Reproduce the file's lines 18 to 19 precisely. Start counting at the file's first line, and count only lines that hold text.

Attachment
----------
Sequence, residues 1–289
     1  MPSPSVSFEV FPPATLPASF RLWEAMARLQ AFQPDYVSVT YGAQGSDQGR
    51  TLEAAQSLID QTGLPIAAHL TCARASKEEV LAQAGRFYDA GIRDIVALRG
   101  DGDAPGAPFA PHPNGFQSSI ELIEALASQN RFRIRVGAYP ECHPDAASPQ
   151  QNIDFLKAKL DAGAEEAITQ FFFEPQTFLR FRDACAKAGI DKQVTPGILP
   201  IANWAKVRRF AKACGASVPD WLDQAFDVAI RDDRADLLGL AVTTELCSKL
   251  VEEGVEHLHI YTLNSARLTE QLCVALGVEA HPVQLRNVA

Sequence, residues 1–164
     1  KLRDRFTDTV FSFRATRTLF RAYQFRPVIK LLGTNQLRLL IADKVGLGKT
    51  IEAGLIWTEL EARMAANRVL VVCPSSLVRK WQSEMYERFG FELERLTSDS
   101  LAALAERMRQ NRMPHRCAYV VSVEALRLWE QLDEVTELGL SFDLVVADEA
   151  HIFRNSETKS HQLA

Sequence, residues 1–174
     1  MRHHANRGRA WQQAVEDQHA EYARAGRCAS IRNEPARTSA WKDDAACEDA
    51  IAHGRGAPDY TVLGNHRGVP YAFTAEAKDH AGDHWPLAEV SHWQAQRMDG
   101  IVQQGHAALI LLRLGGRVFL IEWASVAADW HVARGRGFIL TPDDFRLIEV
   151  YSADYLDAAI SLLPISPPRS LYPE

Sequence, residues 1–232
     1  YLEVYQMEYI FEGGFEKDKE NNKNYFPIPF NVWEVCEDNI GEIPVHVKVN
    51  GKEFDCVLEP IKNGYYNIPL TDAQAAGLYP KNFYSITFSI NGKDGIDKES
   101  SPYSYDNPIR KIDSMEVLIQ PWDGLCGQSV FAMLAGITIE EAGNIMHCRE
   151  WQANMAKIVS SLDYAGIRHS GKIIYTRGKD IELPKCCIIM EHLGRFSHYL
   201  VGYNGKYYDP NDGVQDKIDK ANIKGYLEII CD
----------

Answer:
Sequence, residues 1–232
     1  YLEVYQMEYI FEGGFEKDKE NNKNYFPIPF NVWEVCEDNI GEIPVHVKVN